After nearly five years, I have decided to leave my job in medical weight management to explore and practice a Health at Every Size® (HAES®) approach.
Diets do more harm than good. Research shows that dieting is more likely to lead to weight gain than weight loss. A review of 31 weight loss studies found that dieting was ineffective at producing long term weight loss, and one-third to two-thirds of dieters gained more weight than they lost (Mann et al, 2007). Calorie restriction leads to preoccupation with food, binge eating and weight obsession.
Weight loss programs contribute to weight stigma. Weight loss programs perpetuate the idea that being “overweight” is a flaw or character defect. In reality, weight is determined by a complex interaction between genes, environment and social influences. Once a set-point weight range is established, the brain works hard to defend it. Size diversity should be respected and embraced, just like other types of diversity.
Weight loss is not necessary for health improvement. People who exercise regularly, eat a healthy diet, and practice other forms of self-care can improve their health, without losing weight (Matheson et al. 2012; Schaefer and Magnuson, 2014.)
What is HAES?
The Health at Every Size approach emphasizes:
- Self-acceptance regardless of weight, size, or shape.
- Physical activity for enjoyment and enhanced quality of life.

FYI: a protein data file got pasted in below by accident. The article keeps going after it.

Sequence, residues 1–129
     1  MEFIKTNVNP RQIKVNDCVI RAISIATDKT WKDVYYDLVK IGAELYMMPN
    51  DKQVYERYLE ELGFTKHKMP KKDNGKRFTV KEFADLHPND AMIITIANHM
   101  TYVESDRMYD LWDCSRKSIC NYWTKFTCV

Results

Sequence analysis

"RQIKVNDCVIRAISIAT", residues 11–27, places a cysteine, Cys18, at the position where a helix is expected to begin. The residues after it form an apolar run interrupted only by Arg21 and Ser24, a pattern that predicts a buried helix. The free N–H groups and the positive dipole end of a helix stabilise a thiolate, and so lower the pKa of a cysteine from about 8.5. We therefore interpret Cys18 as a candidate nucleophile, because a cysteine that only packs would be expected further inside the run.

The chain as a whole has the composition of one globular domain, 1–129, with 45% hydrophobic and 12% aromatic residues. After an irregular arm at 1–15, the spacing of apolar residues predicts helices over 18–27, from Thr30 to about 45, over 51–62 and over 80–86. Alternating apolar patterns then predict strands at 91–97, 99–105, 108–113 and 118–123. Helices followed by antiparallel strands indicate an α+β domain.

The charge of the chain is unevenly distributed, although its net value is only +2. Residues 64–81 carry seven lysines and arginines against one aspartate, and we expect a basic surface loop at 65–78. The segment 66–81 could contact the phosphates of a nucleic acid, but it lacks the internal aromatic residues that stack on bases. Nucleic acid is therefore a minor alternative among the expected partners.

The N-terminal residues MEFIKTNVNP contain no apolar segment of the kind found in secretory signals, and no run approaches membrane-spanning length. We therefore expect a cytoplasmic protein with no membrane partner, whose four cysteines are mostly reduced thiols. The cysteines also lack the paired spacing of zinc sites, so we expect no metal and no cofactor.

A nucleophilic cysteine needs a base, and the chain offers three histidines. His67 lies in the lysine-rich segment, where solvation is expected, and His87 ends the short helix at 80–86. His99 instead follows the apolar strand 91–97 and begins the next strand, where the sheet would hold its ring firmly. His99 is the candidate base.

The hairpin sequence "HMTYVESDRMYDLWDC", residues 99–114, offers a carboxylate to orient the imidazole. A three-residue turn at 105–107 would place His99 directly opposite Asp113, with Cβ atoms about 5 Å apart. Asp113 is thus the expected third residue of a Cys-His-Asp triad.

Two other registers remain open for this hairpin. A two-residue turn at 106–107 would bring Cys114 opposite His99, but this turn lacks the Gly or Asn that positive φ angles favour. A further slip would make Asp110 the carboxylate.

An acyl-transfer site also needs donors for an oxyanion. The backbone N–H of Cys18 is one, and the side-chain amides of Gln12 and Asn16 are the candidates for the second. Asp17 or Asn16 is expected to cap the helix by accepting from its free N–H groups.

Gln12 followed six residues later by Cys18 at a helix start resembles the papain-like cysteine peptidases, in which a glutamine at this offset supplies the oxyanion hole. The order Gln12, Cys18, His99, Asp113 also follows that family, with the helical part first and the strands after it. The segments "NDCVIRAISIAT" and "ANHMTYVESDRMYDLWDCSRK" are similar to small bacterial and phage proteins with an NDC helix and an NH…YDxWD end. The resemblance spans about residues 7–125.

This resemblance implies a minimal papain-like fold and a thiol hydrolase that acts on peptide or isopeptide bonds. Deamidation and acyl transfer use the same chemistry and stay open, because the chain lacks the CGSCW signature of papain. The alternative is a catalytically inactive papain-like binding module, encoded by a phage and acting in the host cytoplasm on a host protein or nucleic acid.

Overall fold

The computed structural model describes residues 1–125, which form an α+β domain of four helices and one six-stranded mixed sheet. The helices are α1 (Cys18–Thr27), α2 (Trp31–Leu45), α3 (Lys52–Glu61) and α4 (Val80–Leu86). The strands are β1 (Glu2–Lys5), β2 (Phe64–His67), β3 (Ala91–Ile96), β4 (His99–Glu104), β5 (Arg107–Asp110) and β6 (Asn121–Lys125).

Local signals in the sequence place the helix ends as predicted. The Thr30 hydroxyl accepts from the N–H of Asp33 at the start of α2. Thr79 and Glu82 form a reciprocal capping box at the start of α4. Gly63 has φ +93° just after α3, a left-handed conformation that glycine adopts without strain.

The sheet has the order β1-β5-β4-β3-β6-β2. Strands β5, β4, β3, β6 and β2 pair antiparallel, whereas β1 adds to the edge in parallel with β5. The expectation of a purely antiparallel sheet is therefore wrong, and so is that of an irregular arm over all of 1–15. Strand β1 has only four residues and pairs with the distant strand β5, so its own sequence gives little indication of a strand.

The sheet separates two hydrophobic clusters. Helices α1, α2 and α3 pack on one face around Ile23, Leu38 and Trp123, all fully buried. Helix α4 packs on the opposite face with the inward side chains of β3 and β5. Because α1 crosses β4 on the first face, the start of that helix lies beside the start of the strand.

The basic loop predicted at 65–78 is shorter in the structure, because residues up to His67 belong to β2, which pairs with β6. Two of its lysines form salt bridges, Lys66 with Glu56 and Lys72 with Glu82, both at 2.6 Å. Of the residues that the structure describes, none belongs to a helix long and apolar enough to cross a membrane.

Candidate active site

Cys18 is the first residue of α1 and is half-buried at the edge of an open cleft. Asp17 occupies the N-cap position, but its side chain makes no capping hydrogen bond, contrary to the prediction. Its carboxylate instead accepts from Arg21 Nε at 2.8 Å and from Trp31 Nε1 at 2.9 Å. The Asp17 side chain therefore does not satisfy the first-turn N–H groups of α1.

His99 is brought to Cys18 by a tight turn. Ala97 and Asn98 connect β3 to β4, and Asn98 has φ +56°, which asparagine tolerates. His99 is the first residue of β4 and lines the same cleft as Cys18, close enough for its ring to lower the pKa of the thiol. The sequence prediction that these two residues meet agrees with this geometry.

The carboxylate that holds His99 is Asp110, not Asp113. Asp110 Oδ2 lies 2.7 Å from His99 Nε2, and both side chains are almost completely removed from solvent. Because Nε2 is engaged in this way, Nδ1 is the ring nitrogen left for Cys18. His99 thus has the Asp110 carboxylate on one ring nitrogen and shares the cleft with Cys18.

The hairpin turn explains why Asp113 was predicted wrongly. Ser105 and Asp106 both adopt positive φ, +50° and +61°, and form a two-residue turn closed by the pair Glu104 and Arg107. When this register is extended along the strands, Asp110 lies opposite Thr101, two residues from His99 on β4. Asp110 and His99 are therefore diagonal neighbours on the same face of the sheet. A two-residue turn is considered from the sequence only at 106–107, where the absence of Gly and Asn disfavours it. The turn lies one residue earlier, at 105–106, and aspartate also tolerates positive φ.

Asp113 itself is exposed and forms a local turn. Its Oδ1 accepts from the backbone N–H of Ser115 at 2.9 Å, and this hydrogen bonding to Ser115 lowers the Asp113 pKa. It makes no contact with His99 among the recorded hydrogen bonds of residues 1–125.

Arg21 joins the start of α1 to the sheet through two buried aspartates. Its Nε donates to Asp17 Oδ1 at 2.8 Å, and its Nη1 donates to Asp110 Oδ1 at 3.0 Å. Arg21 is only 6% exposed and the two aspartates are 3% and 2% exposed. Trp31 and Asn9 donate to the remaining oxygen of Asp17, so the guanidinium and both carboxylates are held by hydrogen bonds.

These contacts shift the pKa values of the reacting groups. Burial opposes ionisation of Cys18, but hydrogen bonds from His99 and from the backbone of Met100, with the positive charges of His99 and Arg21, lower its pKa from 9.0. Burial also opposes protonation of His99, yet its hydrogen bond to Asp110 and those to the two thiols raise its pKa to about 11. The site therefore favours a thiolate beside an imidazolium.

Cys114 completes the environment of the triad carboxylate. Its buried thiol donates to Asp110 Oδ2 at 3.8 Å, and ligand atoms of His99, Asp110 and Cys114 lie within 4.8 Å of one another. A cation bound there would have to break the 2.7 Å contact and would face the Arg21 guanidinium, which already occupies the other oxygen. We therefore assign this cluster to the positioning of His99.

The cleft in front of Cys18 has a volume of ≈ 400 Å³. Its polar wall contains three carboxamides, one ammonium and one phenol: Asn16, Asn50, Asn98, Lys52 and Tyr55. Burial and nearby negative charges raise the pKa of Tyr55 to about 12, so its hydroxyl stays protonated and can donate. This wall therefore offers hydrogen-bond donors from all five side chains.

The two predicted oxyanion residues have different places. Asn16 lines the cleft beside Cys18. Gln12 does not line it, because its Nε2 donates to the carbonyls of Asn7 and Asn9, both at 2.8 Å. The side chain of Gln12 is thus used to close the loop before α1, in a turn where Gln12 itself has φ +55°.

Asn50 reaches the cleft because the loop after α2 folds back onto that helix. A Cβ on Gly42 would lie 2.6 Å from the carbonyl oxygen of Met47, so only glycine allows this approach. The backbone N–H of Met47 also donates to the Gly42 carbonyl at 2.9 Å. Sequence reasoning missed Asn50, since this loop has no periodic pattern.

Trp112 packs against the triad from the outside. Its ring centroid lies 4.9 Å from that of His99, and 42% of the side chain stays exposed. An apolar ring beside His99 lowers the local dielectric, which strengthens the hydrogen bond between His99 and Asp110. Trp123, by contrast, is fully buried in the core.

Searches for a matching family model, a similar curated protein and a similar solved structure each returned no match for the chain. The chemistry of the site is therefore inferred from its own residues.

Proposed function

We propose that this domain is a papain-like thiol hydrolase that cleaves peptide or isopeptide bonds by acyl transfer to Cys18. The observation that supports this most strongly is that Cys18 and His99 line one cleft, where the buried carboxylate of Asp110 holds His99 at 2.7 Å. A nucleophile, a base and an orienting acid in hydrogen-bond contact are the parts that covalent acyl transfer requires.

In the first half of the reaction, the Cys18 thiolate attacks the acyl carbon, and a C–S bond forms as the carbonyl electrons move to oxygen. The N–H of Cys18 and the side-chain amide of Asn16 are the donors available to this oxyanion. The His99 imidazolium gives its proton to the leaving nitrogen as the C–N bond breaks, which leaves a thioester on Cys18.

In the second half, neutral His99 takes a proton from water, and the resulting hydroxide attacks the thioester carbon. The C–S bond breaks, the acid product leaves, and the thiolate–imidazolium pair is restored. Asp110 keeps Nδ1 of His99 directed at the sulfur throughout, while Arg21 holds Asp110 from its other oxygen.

- Normalized eating in response to physiologic hunger and fullness cues rather than external guidelines or rules.
- An approach to healthy living that does not necessarily involve weight loss for overweight individuals.
My journey to embracing a HAES approach:
Reading Linda Bacon, PhD’s book, Health at Every Size, was the first step that led me to question the weight-centered approach. But I still needed a few years to fully embrace the approach. When I finally saw the harm that dieting was causing my clients, I knew it was time for a change.
Ultimately, Sandra Aamodt, PhD’s TED talk, Why Dieting Doesn’t Usually Work, was the catalyst behind my decision to embrace a HAES approach. In this powerful video, Aamodt explains how the brain fights against lasting weight loss. She recommends mindful eating as an alternative approach to health.
In April, I attended Ditchin’ the Diet: Non-Diet Approaches in Nutrition Education, a seminar hosted by dietitians and university professors Dawn Clifford, PhD, RD and Michelle Neyman Morris, PhD, RD, which furthered my commitment. These amazing women are teaching HAES curriculum to students at California State University, Chico. These HAES videos recorded by Clifford are available for anyone to watch. I wish someone had taught me about the HAES approach when I was in school.
Tools to support a HAES practice:
Michelle May, MD has also been an influential figure. Reading her Eat What You Love, Love What You Eat books gave me new ideas and inspiration on how to teach mindful eating skills.
The book Wellness, Not Weight contains a wealth of information and is an amazing resource. Each chapter is written by a different health expert and backed by dozens of research articles.
The National Association to Advance Fat Acceptance (NAAFA) has published Guidelines for Nutritionists and Dietitians to help us adopt a HAES practice.
I am excited and proud to be taking a stand for Health at Every Size. If you have questions about HAES, please feel free to send me an email or post in the comments section.
Health At Every Size and HAES are registered trademarks of the Association for Size Diversity and Health and used with permission.